The cat-and-mouse murder mystery has given us some of the most memorable female TV detectives of recent years: Gillian Anderson’s Stella Gibson in The Fall, Elisabeth Moss’s Robin Griffin in Top of the Lake, Sarah Lancashire’s Catherine Cawood in Happy Valley. The gender of each of these detectives was never incidental. As an independent, sexually liberated woman, Stella represents everything that the serial stranger she was chasing tried to extinguish in his female victims. Robin’s past as a teenage rape survivor gives her insights into her season-one case, the disappearance of a pregnant 12-year-old girl. And Catherine’s pursuit of her daughter’s rapist is complicated by the fact that the police officer is raising the child born of that crime. These intriguing variations speak to the capaciousness of the cat-and-mouse genre. It’s not only that details matter. The details can make a show matter.
The first hour of Killing Eve doesn’t quite make the case that it matters, but it’s off to a fun, creepy, and compelling start. Created by Phoebe Waller-Bridge (Fleabag) and already renewed for a second season, the BBC America series gives its female detective, MI5 agent Eve Polastri (played by a wonderfully loose Sandra Oh), a female antagonist. We first see Villanelle (a fiendish, against-type Jodie Comer) at a Viennese ice cream shop, smiling at a blonde moppet. The little girl starts smiling at a man behind the counter, and the edges of Villanelle’s lips harden, stiffening into a grimace. Villanelle stands up, leaves a tip, and, as she exits the shop, pushes the child’s ice cream into her dress. Her smile returns.
On the other side of the continent, a hung-over Eve is forced to leave her hunky husband in bed to attend an emergency Saturday morning meeting. We’ll get to the Very Important Murder, but first it must be noted that Eve reveals her greatness when she practically begs her friend/assistant Elena for the last two bites of the latter’s croissant. (Oh has sparkling chemistry with pretty much everyone she shares a scene with here, a gift aided by Waller-Bridge’s knack for warm, naturalistic dialogue.) Eve gets an early start on running for GOAT status when she shows up late for the meeting, sees an MI5 Boss Bitch she desperately wants to impress, crinkles a paper bag in an attempt to get at her breakfast anyway, and becomes the only person to have a single clue about the killer: It’s probably a woman. The murder victim was an Eastern European politician who moonlighted as a sex trafficker, so it makes sense that he wouldn’t have expected an attack from a female assassin. (I’m kinda glad he’s dead?) The mercenary left alive the politico’s Polish girlfriend, the sole witness to his fatal stabbing, so the agency needs to find her, stat.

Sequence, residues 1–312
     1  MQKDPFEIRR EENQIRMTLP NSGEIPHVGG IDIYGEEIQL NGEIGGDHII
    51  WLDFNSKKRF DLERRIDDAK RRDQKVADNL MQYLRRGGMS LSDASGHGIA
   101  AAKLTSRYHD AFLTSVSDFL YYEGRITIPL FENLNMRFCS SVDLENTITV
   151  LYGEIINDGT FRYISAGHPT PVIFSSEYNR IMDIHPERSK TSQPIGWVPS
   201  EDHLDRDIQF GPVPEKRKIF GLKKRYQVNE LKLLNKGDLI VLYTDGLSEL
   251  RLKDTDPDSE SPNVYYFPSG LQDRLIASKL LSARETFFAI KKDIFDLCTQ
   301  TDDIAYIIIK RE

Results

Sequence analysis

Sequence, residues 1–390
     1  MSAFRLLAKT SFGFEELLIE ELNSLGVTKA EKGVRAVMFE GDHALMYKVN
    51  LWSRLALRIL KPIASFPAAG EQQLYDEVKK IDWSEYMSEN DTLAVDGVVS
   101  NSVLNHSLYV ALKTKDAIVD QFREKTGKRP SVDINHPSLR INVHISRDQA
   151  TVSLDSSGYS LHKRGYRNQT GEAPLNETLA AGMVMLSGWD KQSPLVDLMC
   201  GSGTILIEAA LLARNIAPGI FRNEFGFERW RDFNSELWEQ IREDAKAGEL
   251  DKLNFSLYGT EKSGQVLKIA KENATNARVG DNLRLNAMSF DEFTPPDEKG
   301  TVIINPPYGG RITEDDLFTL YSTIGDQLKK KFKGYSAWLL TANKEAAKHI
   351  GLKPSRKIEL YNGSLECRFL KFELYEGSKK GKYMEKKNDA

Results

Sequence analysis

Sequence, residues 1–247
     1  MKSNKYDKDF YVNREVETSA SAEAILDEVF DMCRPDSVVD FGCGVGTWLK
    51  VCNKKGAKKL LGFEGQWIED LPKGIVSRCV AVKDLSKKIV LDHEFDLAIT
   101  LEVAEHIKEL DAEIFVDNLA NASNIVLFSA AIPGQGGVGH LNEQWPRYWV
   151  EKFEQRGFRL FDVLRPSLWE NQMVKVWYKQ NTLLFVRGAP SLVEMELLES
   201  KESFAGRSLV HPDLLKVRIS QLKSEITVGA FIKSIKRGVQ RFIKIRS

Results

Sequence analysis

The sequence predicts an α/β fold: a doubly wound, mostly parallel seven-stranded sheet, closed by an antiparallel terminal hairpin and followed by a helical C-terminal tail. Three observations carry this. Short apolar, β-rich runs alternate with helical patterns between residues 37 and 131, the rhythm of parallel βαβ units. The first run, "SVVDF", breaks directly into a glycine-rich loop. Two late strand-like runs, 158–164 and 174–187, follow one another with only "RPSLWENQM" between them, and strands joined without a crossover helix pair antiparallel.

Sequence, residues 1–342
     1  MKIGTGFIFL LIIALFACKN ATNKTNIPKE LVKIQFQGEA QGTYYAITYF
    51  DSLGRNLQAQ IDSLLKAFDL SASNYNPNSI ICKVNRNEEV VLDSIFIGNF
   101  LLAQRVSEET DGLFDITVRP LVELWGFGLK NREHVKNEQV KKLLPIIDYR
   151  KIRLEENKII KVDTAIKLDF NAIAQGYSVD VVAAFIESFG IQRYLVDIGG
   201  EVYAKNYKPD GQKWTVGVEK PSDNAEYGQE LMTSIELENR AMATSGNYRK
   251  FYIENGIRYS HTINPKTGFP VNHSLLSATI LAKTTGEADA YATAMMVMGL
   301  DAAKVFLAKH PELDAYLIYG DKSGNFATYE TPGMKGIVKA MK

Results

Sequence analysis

Eve has it pretty good, but Villanelle has it made. She lives in a shabby-chic Paris apartment and goes shopping for groceries in iridescent trench coats and wide-leg striped pants. She’s basically an Anthropologie model come to life. Did I mention the first-class trip she takes to Tuscany? (She has to kill some old guy there, but whatever.) Please @ me if you know where I can get the teal, semi-sheer, bow-tied blouse that she pairs with denim short-shorts for her motorcycling-through-the-Italian-countryside lewk. Also, you know that women are behind this show because Eve wears flat boots and puts her hair up in a bun when it’s business time. She sneaks into an Italian manor, where her target is enjoying a backyard party, and puts on a traditional, lacy dress that manages to fit her perfectly. Using the target’s grandson as bait, she lures the old man into a bedroom (where he’s quickly disabused of the assumption that she’s his “present”) and stabs him in the eye with her hairpin, which also injects a poison into his skull — though not before she gets the name of the designer who made his amazing throw (this bitch). You don’t see the stab site, but the execution scene is pretty gruesome nonetheless, with the victim taking some time to die. You also get why Villanelle chose this line of work, even though it requires wearing (probably) sweat-soaked Kevlar bras whenever she leaves the house. She looks triumphant as she sees life fade from her victim’s eyes. Also: Anthropologie ain’t cheap!